A Publication of WTVP

Quality professionals should feel proud of the accomplishments that they have helped bring about. The quality profession has risen to the tremendous challenges of the last century by developing philosophies and methodologies that have helped businesses meet the demands of its customers.

The quality profession has provided guidance that has helped businesses trim billions of dollars in waste using various improvement processes and quality training. More is needed, however, from quality leaders as well as business leaders. While the world is faced with global economic challenges, we need to ensure we are working on the right things, for the right reasons.

Organizations should put forth efforts at reducing costs through analysis of non-quality costs. Traditional quality cost categories were established many years ago, but the tendency is still to focus on things easily identified and then reduce. The cost of poor quality is the main culprit. Internal and external failures cost industry billions of dollars annually in rework, scrap and warranty expenses, not to mention loss of sales due to customer dissatisfaction caused by faulty products.

Waste due to poor quality is the biggest thief on the planet today. The cost of waste is not easily identified, but it far exceeds the costs that criminals and wars inflict on society each year.

In a perfect world, there would be no waste. Workers would always machine and assemble parts correctly; therefore, there would be no need to test products. There would never be flaws in materials, and products would always work properly. When a product is supposed to live 1,000 hours, then it would live to 1,000 hours and beyond.

In the real world, however, waste and errors are everywhere. People make errors, equipment malfunctions and devices break down the day after the warranty expires.

Everyone is looking for a silver bullet that will help “win the war” on waste. But there is no single approach that will cause this to happen. It takes a well-designed arsenal of approaches and well-trained personnel to fight and win this war. In war, the effective general has a strategy, picks the right leaders and trains them to master the armaments that will be needed to attack the enemy!

Unfortunately, many organizational leaders don’t have a good strategy, nor are they attacking the right enemy. Even if they win a few battles, they may not win the war. As a result, some abandon the approaches that had been working and look for new weapons.

Similarly some organizational managers abandon approaches such as TQM, ISO9000, ISO14000, Six Sigma, Self-Managed Work Teams, Quality Circles, Continuous Improvement Programs, People Involvement, etc., not because the approaches are no good, but because they were ineffectively deployed. Training in the weapons of quality must come from the organization and permeate down to the floor level.

In a period of belt-tightening, many organizations reduce expenses indiscriminately. It is easy for organizations to cut expenses by reducing or eliminating training programs which are easily identifiable and seen as expendable. But if we truly believe that people are our greatest asset, then cutting training budgets may not be in an organization’s best interest. Numerous studies show that highly trained employees deliver higher quality and increased production levels. Training is a prevention cost category that delivers about a $10-to-$1 payback.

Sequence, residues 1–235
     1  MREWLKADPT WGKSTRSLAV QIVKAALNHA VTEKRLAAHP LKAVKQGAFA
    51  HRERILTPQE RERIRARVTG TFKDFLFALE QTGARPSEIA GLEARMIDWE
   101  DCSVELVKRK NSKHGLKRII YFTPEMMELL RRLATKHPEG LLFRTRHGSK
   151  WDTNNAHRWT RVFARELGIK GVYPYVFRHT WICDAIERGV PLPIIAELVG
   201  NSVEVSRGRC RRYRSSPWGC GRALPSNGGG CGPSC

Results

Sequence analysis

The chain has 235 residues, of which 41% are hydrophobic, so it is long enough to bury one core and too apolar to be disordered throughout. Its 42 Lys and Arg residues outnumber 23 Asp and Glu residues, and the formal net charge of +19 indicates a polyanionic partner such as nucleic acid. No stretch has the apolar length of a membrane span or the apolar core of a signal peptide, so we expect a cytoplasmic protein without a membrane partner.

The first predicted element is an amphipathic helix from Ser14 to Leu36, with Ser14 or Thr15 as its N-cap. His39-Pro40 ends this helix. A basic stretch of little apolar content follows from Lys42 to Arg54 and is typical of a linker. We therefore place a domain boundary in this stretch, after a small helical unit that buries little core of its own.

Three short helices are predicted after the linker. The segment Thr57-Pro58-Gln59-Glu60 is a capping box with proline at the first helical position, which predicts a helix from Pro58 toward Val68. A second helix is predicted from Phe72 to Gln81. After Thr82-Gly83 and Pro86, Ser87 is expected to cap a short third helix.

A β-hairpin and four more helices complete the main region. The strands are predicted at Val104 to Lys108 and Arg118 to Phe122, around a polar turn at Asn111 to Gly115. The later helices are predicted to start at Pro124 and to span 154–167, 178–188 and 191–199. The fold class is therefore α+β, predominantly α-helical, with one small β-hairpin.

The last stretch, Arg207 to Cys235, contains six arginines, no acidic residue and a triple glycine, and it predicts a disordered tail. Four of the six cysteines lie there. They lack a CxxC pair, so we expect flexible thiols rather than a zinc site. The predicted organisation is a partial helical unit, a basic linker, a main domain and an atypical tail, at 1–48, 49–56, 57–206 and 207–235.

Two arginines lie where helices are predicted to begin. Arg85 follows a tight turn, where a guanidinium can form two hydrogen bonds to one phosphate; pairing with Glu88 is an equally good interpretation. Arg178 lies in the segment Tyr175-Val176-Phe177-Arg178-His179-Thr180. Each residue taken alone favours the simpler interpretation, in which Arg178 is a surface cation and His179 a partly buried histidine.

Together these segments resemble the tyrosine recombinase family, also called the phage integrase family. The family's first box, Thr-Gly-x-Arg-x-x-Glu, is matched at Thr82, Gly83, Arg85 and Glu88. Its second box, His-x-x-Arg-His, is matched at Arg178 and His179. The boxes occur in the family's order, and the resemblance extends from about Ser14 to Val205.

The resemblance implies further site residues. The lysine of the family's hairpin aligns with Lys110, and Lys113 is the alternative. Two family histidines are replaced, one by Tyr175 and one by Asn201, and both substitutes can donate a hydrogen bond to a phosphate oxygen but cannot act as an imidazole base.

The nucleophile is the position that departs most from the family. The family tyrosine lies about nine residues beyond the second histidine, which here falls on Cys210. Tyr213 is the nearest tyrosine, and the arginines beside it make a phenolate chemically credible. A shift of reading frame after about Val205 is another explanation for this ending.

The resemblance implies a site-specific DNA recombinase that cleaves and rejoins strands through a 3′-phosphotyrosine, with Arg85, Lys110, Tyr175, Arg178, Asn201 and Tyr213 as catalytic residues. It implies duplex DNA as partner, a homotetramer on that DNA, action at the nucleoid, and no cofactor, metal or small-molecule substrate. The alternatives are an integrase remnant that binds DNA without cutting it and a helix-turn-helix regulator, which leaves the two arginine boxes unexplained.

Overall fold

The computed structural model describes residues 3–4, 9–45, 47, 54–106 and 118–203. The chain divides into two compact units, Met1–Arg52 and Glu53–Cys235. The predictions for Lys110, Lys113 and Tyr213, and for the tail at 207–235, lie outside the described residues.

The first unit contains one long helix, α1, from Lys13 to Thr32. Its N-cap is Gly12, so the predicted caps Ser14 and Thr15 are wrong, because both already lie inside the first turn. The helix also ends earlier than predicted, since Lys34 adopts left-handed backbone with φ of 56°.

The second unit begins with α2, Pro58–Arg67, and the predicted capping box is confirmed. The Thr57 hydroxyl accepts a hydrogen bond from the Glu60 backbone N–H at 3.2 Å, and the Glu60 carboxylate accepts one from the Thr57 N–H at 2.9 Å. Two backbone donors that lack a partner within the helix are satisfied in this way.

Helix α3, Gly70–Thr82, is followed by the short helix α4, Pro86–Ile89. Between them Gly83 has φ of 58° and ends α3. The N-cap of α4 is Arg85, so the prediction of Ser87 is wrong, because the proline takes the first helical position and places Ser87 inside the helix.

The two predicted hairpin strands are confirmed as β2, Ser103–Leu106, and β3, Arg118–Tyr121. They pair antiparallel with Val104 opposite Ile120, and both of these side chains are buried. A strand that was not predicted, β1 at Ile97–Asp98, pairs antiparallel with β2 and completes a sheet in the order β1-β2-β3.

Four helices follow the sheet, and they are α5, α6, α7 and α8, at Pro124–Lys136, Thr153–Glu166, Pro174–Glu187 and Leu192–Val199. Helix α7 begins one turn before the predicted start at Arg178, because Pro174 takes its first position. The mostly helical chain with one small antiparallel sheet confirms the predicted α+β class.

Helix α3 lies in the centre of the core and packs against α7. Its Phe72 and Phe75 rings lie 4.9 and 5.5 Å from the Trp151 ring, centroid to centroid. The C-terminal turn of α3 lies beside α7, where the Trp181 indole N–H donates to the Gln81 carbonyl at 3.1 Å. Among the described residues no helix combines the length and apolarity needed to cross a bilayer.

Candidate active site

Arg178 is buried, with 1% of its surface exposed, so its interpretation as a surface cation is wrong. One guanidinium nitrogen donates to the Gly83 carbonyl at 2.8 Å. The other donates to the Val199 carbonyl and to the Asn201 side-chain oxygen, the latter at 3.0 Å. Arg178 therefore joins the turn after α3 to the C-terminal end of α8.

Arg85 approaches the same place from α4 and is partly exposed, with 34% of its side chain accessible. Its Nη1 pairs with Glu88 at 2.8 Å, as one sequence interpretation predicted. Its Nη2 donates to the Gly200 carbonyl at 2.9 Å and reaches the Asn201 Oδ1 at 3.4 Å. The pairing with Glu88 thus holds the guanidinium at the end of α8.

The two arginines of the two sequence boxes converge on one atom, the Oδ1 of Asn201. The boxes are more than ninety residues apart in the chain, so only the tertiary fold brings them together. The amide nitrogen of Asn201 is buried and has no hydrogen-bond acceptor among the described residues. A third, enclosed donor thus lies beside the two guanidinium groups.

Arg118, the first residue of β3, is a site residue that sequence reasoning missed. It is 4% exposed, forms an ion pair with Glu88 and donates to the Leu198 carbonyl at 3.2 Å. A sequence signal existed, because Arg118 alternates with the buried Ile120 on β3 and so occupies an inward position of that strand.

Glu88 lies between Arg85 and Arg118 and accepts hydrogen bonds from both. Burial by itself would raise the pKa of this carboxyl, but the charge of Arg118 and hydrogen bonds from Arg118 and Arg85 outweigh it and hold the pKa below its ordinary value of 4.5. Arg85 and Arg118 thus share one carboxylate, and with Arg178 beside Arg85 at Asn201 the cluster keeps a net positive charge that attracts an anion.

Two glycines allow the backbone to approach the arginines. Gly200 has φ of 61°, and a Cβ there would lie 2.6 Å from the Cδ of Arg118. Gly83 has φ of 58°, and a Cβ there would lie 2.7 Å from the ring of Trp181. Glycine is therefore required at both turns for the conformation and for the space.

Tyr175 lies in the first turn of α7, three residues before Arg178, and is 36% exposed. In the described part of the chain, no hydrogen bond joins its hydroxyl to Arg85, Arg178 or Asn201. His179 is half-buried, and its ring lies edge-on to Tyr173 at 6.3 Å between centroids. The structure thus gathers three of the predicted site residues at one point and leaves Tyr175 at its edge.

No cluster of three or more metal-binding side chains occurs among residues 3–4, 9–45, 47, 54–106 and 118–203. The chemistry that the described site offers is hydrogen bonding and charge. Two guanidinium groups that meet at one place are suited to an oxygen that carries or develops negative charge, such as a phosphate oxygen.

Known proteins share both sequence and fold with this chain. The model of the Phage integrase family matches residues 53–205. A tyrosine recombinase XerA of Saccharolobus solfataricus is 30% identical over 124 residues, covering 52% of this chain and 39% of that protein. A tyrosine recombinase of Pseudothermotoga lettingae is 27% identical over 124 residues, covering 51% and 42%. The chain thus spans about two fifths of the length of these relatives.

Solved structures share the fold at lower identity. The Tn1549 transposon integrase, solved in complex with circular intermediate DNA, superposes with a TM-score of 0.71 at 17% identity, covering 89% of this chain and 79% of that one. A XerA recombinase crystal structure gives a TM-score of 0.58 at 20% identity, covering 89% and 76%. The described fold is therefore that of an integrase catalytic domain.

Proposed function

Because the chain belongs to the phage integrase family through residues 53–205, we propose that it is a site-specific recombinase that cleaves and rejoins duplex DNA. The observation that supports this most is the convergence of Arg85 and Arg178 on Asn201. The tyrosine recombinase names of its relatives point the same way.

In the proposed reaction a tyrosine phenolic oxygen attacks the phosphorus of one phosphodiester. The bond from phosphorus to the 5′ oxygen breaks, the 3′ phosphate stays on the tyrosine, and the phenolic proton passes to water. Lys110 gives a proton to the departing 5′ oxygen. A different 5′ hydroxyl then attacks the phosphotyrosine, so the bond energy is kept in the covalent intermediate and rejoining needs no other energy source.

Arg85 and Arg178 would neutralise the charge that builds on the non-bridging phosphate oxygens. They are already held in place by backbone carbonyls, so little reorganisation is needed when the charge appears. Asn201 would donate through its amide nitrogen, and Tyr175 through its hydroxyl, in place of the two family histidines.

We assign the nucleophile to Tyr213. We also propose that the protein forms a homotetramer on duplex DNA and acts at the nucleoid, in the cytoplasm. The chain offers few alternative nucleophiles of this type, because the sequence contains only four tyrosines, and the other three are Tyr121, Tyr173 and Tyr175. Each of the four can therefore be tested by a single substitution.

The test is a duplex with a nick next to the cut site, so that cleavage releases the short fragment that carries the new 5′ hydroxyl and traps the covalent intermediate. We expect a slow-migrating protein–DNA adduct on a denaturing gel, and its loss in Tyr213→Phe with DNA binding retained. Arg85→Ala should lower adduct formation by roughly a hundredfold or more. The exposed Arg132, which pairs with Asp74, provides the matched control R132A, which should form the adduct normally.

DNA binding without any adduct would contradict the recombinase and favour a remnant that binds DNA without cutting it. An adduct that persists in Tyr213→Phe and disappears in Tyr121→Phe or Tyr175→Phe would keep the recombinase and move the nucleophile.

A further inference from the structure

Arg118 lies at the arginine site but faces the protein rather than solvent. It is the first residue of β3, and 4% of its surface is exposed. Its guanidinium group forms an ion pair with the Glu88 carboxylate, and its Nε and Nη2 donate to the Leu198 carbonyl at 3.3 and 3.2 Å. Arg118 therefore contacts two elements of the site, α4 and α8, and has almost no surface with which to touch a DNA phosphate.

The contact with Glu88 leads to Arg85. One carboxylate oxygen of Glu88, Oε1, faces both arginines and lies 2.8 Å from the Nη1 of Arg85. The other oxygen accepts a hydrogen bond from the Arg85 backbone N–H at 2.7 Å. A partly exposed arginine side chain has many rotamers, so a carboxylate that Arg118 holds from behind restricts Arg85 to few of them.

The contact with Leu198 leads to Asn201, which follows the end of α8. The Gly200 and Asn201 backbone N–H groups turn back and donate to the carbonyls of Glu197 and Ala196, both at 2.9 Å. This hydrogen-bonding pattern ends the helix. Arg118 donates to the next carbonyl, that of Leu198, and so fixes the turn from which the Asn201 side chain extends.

Significantly cutting back quality staffs (prevention and appraisal costs) may also lead to higher non-quality costs. While quality has to be built in and not inspected into a product, the front-line soldiers are usually seen as non-value-added. However, these are the people who provide focus to the quality efforts.

Organizations must learn to focus on the true enemy—internal and external failure costs—to help bolster the bottom line and better their chances to survive troubling economic times.

Now is the time for quality professionals to emerge as true business leaders to provide direction to their organizations. Too often, aggressive cost reduction becomes the urgent focus, and long-term programs and structures are damaged or destroyed. Balancing short-term needs against long-term prosperity is imperative!

If organizations truly believe people are their greatest assets who make the difference in delivering quality and differentiating products and services, they will go to great lengths to preserve the capabilities of their workforce while managing costs.

As an example, even as organizations are downsizing their workforce, they should be identifying or even creating opportunities for their quality staff, as well as continuing workforce learning. Learning institutions are seeing growth in registrations as wise individuals seek to advance their skills and knowledge during this economic crisis. Wise organizations will likewise take advantage of these times of low demand to invest in their employees and create opportunities for employees to invest in themselves.

When the business climate regroups, the benefit will be more capable, passionate, and loyal workers—just what will be needed to respond to increasing demand. Let’s wage war on the right enemy and win the war! iBi
This article was originally published in the May 2009 issue of
Quality magazine.